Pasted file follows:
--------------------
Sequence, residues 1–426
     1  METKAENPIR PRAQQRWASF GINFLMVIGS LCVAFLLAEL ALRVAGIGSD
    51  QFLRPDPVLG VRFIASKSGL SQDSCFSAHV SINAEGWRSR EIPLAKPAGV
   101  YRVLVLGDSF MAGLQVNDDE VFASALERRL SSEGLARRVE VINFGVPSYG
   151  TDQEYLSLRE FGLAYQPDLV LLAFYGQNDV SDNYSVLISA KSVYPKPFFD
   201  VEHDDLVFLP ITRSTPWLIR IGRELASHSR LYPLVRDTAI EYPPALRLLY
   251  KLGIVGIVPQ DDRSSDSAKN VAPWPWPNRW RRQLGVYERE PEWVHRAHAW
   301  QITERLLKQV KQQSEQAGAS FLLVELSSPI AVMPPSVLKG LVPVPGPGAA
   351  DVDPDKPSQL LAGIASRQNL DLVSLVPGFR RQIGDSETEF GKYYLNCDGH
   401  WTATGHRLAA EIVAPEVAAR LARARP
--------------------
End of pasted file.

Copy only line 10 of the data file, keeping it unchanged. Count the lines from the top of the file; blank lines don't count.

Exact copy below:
   401  WTATGHRLAA EIVAPEVAAR LARARP